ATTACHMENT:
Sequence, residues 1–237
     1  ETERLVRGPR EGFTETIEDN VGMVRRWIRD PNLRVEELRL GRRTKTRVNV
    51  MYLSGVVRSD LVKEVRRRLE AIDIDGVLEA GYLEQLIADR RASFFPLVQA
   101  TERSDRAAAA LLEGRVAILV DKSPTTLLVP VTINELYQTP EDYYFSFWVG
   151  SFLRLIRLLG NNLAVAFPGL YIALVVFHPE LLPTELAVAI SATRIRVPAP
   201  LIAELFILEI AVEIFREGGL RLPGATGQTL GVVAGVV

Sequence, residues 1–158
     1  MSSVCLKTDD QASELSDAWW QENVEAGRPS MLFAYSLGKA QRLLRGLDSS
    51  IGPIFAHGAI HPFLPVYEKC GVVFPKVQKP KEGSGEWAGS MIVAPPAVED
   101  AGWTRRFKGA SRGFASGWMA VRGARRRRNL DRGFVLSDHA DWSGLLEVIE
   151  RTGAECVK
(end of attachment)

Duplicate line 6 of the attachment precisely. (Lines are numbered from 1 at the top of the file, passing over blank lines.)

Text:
   201  LIAELFILEI AVEIFREGGL RLPGATGQTL GVVAGVV